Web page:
Following the naming convention of my Frugal Mom's post "Madoff and Me," I would like to present the first of a two part homage to one of the greatest frugal foods on the planet.
One of the things that I enjoy the most is food, and especially ethnic cuisine. While many people might assume that enjoying exotic cuisine is incompatible with a frugal lifestyle—even eating out in a mediocre restaurant regularly adds up to a substantial sum—nothing could be further from the truth. Though I have been an adventurous eater since an early age, one of my first major forays into food came while I was living away from home during high school. While there, a surprising number of my friends were Korean and in addition to being great friends, they also had great moms who would send them back to school with plastic containers filled with succulent beef, pungent fish, and spicy orange strips of dried squid. Many a night was spent with ten people packed into an already small dorm room passing around a pair of communal chopsticks, a bowl of steaming rice, and the plastic containers of delicious Korean dishes while we played tien-len (a Vietnamese card game to add to the diversity). Just so it’s clear I wasn’t a total mooch, every now and then I would cook up some couscous which we would then top with Rooster Sauce, a spicy yet sweet chili and garlic sauce of South Asian origin.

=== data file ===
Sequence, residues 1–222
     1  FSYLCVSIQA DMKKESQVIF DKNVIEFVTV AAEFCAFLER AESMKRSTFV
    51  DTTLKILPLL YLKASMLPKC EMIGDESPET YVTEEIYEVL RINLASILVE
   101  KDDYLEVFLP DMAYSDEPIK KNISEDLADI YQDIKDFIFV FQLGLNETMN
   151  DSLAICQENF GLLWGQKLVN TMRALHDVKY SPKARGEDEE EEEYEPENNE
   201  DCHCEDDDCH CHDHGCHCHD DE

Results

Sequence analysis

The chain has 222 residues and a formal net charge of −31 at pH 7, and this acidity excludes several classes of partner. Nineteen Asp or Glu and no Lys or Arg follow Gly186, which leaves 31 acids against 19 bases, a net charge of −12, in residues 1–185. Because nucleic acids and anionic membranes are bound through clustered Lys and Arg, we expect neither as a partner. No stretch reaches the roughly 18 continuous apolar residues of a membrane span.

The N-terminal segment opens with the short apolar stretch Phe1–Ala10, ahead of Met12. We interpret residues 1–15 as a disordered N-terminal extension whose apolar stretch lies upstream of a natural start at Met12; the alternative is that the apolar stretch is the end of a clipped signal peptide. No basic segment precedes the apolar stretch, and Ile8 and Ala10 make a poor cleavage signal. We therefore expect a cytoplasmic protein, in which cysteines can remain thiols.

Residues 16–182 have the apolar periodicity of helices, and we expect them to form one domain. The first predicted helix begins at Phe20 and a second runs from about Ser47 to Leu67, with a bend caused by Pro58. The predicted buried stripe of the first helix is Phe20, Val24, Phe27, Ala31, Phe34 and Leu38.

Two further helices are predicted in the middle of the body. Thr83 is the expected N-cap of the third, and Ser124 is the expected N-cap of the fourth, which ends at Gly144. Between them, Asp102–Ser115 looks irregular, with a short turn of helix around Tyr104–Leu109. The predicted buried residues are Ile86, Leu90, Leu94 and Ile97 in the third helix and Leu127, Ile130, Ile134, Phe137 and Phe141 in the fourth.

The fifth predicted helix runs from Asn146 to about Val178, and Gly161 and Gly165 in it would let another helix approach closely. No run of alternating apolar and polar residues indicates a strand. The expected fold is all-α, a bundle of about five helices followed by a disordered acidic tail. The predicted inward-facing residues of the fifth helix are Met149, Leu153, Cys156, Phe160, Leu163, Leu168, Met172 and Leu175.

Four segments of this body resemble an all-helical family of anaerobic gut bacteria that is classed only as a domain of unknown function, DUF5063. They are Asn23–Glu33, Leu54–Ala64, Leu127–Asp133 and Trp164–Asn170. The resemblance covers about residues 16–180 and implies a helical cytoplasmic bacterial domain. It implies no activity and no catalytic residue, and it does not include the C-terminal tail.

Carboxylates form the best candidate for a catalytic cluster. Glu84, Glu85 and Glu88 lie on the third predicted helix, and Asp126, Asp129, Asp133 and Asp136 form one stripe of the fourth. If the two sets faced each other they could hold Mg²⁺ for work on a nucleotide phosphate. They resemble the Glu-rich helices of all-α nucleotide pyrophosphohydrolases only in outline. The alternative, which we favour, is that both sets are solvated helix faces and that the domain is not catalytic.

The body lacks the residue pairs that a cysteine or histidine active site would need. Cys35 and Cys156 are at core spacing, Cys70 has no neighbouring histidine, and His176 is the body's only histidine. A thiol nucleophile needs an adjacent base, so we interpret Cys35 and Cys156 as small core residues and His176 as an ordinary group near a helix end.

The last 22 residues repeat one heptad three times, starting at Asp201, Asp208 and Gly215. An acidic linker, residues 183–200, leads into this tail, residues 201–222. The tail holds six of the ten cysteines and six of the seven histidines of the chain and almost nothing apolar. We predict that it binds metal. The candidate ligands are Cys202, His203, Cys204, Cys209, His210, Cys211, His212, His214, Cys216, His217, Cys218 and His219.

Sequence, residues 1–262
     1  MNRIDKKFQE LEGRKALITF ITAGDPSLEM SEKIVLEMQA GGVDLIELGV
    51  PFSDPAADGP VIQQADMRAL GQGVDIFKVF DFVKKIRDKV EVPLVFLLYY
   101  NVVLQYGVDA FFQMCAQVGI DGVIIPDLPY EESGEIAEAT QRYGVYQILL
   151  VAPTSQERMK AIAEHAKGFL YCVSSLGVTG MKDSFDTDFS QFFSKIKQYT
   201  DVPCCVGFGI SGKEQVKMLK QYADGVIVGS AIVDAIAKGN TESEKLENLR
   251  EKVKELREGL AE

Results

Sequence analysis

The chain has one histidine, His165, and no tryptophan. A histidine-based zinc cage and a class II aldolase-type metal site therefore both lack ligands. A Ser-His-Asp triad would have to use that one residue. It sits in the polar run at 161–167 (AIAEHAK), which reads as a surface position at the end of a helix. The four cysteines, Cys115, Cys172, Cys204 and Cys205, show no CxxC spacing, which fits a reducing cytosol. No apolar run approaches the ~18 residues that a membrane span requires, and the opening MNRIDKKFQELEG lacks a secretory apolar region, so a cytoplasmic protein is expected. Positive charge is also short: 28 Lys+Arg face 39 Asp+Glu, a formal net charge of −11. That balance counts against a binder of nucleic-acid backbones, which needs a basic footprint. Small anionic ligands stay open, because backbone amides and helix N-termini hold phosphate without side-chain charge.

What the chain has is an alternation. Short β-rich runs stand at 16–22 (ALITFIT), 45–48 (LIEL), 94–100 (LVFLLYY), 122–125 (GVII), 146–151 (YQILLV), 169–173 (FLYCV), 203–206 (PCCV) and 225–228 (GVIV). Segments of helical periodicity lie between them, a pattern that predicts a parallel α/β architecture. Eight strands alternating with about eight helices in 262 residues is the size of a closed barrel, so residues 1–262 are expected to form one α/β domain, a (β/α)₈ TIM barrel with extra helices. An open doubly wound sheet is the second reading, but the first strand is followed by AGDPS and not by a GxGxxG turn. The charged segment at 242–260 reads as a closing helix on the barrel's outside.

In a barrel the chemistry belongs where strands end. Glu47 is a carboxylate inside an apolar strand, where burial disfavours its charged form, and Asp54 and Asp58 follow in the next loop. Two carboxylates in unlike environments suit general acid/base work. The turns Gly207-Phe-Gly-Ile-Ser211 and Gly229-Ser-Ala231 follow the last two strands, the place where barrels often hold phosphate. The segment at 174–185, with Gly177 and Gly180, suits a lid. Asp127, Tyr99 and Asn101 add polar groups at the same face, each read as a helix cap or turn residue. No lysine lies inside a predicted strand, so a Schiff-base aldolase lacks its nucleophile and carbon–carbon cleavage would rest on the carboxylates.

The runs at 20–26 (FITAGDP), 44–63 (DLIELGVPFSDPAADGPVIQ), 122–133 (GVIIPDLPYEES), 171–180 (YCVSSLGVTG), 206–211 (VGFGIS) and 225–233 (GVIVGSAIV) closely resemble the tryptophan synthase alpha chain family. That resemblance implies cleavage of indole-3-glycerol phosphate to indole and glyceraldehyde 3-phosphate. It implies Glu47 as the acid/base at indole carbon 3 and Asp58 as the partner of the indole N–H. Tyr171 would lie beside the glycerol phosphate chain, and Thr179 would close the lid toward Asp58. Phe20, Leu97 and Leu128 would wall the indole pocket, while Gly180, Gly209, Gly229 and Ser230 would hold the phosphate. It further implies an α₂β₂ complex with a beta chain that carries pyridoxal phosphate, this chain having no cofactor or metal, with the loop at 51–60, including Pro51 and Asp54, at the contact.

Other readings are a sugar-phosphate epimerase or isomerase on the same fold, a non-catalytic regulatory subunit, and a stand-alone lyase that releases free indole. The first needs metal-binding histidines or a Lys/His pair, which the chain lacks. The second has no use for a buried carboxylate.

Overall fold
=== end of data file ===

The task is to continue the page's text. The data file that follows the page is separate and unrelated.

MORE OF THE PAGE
One Korean dish, however, was clearly the king of dishes: the ubiquitous kimchi. This is the Korean national dish, a simple blend of cabbage, fermented fish paste, garlic, and copious quantities of red pepper. The flavors kind of sum up the tenets of Korean cuisine; left to ferment for a few days before serving the cabbage softens—but still retains a distinctly fresh crunch—and takes on a complex flavor that is sour, salty, spicy, and most of all, deeply satisfying. Kimchi is also versatile: it is served as a side dish at every meal but also lends itself to many dishes. Mixed into stir-fried rice it adds body and flavor and when the kimchi gets too old (soft and too powerfully fermented to eat by itself) it is thrown into pork broth with bits of tofu, pork, and potatoes to make kimchi jiggae, an incredibly delicious stew.
While in school, I relied on my Korean friends for a steady supply of this incredible dish and during breaks from school, I would have to live without or drive to the Westbank (across the Mississippi from New Orleans) to buy 5 gallon jars of kimchi from the Asian groceries. All of this kimchi love (and friendship of course) culminated in a month long trip to Korea during the summer of 2008 with two of my best friends from high school. For thirty days I ate kimchi breakfast, lunch, and dinner and I learned that I had merely sampled the tip of the kimchi iceberg; while in Korea I ate regular cabbage kimchi, daikon radish kimchi, green onion kimchi, bok choy kimchi, fried kimchi pancakes, kimchi omelettes, kimchi served hot and cold, spicy kimchi and sweet kimchi. There is a kimchi for every occasion, season, or palate.